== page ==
95 Self as context Sometimes described as ‘the observing self’ or as ‘pure consciousness’ or ‘the self that is aware but does not think’ Purely experiential so difficult to put into words The sense of self we get a glimpse of when we notice that we experience from a perspective or locus; often experienced during mindfulness practice. While our thoughts and feelings change and events change over time they are experienced from a unique perspective – YOU as the perspective from which your life unfolds

96 Weak self-knowledge and Self as Perspective
May be problematic when ability to contact self as perspective has not been learned or is immature Evidence for weak self-knowledge in this domain might be a client who is at a loss to describe values and life goals Aimlessness, inertia, lack of vitality

97 Self-as-context As you can see, self-as-context is difficult to describe in words. Best contacted experientially

98 The observing self Guided exercise

99 Self as context exercises
Chessboard metaphor Three senses of self discussion/link with defusion work Observing self exercise Mental polarity

100 100

101 Values Chosen life directions; values give lives meaning
In values work, distinguish choices from reasoned actions; to understand the distinction between a value and a goal; to help clients choose and declare their values and to set behavioral tasks linked to these values 101

102 Lack of values clarity The client may describe a general lack of vitality and be vague about values and goals

103 Dominance of pliance and avoidant tracking
Rule governed behavior (RGB) Tracking Pliance Augmenting

104 Tracking “Rule governed behavior under the control of the apparent correspondence between the rule and the way the world is arranged” Reading a map to get somewhere Following a recipe Putting on mittens after being told “it is cold, and mittens will keep your hands warm” Noticing that meeting new people makes you anxious and staying away from parties to avoid anxiety

105 Avoidant tracking Tracking is useful.
Imagine learning traffic rules or trying to get from Orlando to Tampa Bay through contingency shaping rather than rule governed behavior… Avoidant tracking is behavior under the control of emotional avoidance. The rules tracked pertain to thoughts and feelings to be avoided rather than to other available contingencies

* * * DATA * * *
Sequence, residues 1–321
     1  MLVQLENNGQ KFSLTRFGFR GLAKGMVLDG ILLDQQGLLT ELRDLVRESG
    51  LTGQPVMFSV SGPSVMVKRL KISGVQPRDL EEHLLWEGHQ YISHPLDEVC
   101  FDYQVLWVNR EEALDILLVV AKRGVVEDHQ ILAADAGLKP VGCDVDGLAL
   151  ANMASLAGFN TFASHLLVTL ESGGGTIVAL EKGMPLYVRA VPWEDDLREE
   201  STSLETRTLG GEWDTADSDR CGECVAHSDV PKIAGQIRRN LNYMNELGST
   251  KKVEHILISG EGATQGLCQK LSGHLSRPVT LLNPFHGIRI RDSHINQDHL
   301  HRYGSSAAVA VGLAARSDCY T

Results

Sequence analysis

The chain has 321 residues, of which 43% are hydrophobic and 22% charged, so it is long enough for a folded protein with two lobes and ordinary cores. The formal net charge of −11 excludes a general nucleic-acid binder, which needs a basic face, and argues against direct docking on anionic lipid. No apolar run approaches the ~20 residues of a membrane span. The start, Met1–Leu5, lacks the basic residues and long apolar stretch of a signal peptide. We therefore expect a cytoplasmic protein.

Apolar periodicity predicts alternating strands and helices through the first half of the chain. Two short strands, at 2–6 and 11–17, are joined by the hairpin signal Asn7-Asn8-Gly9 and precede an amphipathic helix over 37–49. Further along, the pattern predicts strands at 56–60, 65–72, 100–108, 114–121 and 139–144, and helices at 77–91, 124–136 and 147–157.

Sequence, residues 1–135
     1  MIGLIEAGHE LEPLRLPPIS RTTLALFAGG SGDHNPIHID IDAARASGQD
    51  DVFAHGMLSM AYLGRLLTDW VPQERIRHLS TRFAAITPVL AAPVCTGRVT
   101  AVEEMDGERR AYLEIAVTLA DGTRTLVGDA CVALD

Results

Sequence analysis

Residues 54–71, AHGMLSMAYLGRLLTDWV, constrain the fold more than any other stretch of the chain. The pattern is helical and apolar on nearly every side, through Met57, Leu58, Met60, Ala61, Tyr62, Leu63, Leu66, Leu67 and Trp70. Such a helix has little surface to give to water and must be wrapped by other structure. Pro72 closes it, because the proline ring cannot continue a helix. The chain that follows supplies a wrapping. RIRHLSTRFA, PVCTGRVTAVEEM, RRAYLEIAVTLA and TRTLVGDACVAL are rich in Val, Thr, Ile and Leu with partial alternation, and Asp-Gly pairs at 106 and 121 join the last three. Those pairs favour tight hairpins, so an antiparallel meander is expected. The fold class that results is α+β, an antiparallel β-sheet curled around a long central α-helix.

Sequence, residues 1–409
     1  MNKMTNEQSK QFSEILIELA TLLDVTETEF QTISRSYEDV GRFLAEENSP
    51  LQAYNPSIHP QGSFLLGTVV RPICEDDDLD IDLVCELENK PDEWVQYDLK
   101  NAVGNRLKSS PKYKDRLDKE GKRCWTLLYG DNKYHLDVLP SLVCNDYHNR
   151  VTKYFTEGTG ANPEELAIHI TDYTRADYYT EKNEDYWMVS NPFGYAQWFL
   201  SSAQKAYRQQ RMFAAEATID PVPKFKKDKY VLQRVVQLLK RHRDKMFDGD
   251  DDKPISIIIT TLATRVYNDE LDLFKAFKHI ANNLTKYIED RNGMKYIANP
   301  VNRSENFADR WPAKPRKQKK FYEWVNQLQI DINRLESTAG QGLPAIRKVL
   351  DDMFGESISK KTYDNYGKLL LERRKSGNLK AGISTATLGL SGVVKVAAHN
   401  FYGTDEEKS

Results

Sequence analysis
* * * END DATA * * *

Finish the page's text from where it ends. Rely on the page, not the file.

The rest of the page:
106 Pliance “Rule governed behavior under the control of apparent socially mediated correspondence between the rule and relevant behavior” Notice that “pliance” is the root word of “compliance”

107 Excessive pliance Excessive pliance is problematic when behavior is under the control of pleasing others or avoiding upsetting others rather than under the control of other consequences And note that it is problematic when it is excessive; sometimes pliance is effective and values-based baehavior…

108 Examples of excessive pliance
Staying in an unfulfilling relationship because of what Mom & Dad will think or so the other will not be upset Choosing a car or career or partner solely to impress others Succumbing to peer pressure Excessive advice-seeking (which might also be avoidance of ‘being wrong’)

109 Dominance of pliance and avoidant tracking…
I always/never Life is (unfair, painful, perfect right now…) Yes, but… If I do (an important behavior), then I will feel… If I do (an important behavior), then others will think… What if…

110 Values clarification exercise
Values worksheets bullseye

111 Outcome Vs process Outcome is the process through which process becomes the outcome…

112 Values exercises Defining values Values narrative Skiing metaphor
Green pen.argyle socks Epitaph/lifetime achievement Deciding vs choosing Outcome is the process through which process becomes the outcome